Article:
University of West Parana

Cascavel, Brazil

University of West Parana

Cascavel, Brazil
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Reis P.,Federal University of Santa Catarina | Moro A.R.,Federal University of Santa Catarina | Da Silva J.,São Paulo State University | Paschoarelli L.,São Paulo State University | And 2 more authors.
Work | Year: 2012

This study aimed to assess the student-furniture interface from anthropometric parameters of the sitting posture. The sample was composed of 887 students from two public schools in the State of Parana - Brazil, which attended children from 7 to 17 years of age. The data collection used anthropometric measures of the sitting position, a questionnaire containing a human body diagram for indication of discomfort areas and photographic records to verify postural and ergonomic inadequacies in classroom. The following anthropometric variables were measured: popliteal height, sacro-popliteal length, hip width, lumbar support height, and elbow and thigh height. Percentiles 5 and 95 of anthropometric variables showed differences statistically significant, with variation coefficient greater than 30%. In relation to body discomfort, the highest occurrences were recorded for ankle, knees and shoulder joints as well as for spine and buttocks. It was concluded that children use school furniture that does not meet their anthropometric standards, which favored the adoption of incorrect postures and contributed to the emergence of musculoskeletal problems that can interfere with their educational process. © 2012 - IOS Press and the authors. All rights reserved.


De Souza S.N.M.,University of West Parana | Horttanainen M.,Lappeenranta University of Technology | Antonelli J.,University of West Parana | Klaus O.,University of West Parana | And 2 more authors.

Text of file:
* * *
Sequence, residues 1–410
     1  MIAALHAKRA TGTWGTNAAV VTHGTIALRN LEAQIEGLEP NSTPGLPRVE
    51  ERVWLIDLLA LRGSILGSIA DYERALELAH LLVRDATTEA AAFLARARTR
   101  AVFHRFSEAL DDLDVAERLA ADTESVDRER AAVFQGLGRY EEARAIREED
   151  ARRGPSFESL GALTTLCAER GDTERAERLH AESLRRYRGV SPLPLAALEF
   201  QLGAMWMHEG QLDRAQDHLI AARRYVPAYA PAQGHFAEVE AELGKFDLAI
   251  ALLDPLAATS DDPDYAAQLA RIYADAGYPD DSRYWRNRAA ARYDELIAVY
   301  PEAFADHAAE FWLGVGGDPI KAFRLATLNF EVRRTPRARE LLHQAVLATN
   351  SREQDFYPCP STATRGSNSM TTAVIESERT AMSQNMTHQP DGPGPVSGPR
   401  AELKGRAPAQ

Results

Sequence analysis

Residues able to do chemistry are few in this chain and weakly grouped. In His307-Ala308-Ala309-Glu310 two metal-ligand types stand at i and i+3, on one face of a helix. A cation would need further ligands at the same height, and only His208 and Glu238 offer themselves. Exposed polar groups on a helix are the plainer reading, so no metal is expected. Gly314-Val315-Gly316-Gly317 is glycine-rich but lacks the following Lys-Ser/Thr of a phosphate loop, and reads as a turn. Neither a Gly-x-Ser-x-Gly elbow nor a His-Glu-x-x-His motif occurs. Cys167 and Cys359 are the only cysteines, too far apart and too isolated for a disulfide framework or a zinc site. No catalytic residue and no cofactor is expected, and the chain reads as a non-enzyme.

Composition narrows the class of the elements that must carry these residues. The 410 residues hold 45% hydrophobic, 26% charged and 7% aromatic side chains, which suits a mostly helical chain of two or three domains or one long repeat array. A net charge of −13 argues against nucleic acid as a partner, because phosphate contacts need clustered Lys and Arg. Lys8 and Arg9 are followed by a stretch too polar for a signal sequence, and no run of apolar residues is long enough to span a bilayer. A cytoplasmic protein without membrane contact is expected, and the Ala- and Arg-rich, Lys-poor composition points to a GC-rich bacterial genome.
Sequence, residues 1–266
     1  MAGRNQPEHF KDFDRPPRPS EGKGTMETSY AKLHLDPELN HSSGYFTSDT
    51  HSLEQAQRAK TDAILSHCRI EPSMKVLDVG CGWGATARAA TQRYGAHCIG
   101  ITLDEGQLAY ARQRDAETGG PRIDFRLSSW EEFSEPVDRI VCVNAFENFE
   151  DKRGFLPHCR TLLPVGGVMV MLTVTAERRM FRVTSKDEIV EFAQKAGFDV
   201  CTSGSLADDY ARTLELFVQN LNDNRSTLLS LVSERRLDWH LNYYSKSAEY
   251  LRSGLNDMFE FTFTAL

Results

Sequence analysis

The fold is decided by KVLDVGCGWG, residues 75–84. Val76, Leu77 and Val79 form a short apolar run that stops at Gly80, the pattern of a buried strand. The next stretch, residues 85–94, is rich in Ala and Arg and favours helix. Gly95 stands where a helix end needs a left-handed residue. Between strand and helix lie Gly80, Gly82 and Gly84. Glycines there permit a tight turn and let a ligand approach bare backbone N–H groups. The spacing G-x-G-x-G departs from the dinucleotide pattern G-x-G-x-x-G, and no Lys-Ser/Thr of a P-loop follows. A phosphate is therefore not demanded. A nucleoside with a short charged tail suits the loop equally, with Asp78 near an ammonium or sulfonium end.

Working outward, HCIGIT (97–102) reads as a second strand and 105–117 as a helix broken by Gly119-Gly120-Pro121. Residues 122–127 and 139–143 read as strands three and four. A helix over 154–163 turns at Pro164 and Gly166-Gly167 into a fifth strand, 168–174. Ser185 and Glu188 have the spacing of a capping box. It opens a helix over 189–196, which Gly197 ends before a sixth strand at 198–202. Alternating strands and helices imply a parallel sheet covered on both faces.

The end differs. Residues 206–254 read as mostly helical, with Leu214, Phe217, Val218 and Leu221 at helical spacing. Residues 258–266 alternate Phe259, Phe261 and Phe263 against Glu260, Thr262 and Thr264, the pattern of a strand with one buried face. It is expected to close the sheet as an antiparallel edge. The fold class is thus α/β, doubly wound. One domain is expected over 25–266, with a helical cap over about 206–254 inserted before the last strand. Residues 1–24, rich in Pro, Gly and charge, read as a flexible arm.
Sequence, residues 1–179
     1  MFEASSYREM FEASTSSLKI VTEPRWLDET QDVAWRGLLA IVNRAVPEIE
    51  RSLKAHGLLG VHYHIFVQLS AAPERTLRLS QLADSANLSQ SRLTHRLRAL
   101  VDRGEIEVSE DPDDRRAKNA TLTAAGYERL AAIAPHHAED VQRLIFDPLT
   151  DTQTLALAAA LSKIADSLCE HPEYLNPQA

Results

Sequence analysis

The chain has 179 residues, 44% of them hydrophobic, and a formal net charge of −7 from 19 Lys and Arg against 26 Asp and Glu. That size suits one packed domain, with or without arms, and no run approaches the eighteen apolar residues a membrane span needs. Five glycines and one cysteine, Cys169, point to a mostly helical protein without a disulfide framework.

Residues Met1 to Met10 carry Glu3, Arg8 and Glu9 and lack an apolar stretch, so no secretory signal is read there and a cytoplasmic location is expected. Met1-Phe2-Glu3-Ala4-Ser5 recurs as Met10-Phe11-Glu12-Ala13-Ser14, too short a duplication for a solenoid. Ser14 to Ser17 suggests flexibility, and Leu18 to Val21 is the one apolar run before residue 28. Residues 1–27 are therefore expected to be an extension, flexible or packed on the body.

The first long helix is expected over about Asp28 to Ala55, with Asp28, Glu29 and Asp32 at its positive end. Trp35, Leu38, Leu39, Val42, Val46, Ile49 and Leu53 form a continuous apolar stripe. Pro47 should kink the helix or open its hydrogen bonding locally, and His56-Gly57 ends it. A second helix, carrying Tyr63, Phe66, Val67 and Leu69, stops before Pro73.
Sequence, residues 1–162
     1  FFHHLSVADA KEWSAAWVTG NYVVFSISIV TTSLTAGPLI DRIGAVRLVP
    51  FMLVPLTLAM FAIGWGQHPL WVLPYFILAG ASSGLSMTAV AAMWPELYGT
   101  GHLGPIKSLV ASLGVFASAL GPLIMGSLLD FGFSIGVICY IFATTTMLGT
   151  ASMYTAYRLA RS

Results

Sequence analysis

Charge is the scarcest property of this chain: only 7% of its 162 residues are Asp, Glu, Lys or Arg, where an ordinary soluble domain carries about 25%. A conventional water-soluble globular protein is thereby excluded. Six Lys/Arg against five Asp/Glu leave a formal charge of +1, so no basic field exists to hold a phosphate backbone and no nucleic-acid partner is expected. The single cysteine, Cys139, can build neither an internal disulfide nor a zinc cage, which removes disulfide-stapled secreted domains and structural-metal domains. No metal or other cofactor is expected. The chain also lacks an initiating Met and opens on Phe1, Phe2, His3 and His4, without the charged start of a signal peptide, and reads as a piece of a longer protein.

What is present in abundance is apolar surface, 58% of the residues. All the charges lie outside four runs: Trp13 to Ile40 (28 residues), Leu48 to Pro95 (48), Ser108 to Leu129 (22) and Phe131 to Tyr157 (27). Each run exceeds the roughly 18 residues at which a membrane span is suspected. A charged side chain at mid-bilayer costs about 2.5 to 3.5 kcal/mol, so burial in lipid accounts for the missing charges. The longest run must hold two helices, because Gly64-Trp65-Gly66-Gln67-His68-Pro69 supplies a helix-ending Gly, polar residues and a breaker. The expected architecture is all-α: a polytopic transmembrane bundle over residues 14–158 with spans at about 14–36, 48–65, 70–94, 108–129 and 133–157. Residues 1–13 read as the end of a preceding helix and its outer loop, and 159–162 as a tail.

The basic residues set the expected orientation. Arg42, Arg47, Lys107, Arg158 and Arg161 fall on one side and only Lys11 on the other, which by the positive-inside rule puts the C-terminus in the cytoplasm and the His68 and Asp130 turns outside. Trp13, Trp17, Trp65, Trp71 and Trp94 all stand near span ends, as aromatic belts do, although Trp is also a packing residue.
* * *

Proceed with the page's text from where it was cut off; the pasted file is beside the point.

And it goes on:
Waste Management and Research | Year: 2014

This article presents an analysis of possibilities for electrical energy production by using municipal solid waste disposed in the biggest Brazilian cities. Currently, the municipal solid waste in Brazil is collected and disposed of at landfills, but there are also other technologies, which in addition to dealing with the garbage can also provide benefits in terms of energy provision. The following scenarios were studied in this work: electricity production from landfill gas (reference scenario); incineration of all municipal solid waste; anaerobic digestion of organic waste and incineration of refuse-derived fuel fractions after being separated in separation plants. According to this study, the biggest cities in Brazil generate about 18.9 million tonnes of municipal solid waste per year (2011), of which 51.5% is biogenic matter. The overall domestic consumption of electricity is 480,120 GWhy-1 in Brazil and the municipal solid waste incineration in the 16 largest cities in the country could replace 1.8% of it using incinerators. The city of São Paulo could produce 637 GWhy-1 with landfill gas, 2368 GWhy-1 with incineration of municipal solid waste and 1177 GWhy-1 with incineration of refuse-derived fuel. The latter two scenarios could replace 27% and 13.5% of the residential electrical energy consumption in the city. This shows that thermal treatment might be a viable option of waste-to-energy in Brazil. © The Author(s) 2014.